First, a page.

Saturday, March 15, 2008
Snake on a Plate
So here's the finished product of the snake plate. It is now hanging on the wall in the entryway.
When I pass it, I think about what I've learned lately about snakes and the Southwest.
It seems that snakes have a mixed reputation among the native people and I haven't come to understand it fully yet. It depends upon which group you're talking to.
Recently, I went to an Indian Market at the Arizona State Museum and while there, asked a Navajo artist about snakes in art.
The news wasn't good. I gather that snakes are not well thought of.
I was reading Halo of the Sun and the author writes that while learning Navajo rug weaving, she put a snake into the first rug she wove. There was much worrying about the fact that it could bring her bad luck. When she placed two roadrunners above the snake at the top of the rug, it seemed to neutralize or at least keep the snake in check.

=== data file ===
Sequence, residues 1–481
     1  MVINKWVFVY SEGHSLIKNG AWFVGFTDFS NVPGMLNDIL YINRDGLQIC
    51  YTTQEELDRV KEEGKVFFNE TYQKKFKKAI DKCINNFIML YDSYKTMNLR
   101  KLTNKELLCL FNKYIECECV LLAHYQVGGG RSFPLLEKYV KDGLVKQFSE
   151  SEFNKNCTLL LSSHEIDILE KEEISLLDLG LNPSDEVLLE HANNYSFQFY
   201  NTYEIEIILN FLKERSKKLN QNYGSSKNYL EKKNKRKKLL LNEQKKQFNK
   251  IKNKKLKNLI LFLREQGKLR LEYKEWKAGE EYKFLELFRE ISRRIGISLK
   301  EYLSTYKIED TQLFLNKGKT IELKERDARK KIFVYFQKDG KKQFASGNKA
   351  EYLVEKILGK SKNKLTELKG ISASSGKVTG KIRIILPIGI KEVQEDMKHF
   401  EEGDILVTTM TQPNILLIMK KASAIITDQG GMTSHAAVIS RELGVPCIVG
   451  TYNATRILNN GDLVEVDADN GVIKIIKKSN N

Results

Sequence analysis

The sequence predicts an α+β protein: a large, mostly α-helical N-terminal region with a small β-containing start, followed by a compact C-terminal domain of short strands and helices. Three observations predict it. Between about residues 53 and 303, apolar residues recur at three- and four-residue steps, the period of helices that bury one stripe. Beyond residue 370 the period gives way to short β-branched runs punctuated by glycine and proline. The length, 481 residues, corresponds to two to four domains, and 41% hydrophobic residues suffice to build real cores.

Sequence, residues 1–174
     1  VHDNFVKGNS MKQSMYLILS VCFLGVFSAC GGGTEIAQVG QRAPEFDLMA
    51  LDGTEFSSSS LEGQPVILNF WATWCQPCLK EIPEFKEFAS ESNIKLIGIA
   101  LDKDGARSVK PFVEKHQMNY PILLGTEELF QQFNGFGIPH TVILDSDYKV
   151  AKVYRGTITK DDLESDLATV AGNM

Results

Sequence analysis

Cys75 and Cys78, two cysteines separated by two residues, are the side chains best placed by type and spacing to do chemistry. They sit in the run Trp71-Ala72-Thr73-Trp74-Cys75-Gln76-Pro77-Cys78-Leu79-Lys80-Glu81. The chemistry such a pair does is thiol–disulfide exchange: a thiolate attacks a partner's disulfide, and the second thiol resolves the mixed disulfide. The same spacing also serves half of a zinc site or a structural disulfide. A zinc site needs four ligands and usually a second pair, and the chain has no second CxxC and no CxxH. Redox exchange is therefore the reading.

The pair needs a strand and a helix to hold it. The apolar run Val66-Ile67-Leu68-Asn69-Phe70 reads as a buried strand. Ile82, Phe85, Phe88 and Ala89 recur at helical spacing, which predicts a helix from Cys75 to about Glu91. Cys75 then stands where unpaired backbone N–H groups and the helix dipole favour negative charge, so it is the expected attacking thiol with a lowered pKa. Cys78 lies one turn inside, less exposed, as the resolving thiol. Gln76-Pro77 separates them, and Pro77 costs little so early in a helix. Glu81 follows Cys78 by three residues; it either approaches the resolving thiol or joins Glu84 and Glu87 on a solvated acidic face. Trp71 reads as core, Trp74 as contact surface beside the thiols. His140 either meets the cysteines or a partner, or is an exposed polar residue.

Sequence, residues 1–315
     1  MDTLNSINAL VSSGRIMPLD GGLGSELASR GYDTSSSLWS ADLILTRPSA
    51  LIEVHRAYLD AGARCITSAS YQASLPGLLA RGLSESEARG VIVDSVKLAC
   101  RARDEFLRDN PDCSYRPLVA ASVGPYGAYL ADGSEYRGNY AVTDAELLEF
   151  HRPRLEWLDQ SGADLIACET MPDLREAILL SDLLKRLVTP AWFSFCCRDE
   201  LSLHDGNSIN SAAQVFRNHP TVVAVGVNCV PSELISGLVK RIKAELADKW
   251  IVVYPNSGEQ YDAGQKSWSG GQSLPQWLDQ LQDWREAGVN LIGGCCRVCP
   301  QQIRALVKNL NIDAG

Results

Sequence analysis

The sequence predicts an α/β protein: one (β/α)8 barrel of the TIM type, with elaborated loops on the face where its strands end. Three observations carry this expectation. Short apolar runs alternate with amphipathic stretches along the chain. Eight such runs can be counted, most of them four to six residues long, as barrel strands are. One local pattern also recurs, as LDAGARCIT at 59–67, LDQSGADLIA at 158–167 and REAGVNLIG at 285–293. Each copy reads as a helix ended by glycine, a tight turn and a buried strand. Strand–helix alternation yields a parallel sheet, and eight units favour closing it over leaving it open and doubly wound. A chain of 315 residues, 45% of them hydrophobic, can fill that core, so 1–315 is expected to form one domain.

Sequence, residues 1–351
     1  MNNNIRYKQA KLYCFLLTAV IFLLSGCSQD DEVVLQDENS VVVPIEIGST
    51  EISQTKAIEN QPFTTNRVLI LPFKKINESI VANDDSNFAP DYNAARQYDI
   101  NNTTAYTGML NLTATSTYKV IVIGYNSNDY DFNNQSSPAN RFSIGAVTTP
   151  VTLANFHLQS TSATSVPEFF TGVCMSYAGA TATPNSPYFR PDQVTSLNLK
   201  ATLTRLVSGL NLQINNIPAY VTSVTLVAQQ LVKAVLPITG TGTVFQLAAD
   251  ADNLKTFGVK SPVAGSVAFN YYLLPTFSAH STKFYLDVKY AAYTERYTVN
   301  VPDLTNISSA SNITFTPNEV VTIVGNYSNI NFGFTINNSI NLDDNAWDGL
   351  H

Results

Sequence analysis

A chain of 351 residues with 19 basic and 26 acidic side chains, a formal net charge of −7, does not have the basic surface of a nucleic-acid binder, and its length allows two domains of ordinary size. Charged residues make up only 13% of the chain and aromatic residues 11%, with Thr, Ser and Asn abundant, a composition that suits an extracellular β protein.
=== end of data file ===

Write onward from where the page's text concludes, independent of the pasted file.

I also read in the same book about the custom of weaving a pathway with an opening design along the side of a rug to 'free' the design and release it to be used again.
Now, the design of my snake is within many lines and bars. So I'm hoping that will keep it held inbounds and that it can only reside there and not find a pathway out. It cannot call other snakes in. There is much to learn here.
Oh, and by the way. Never speak to a snake.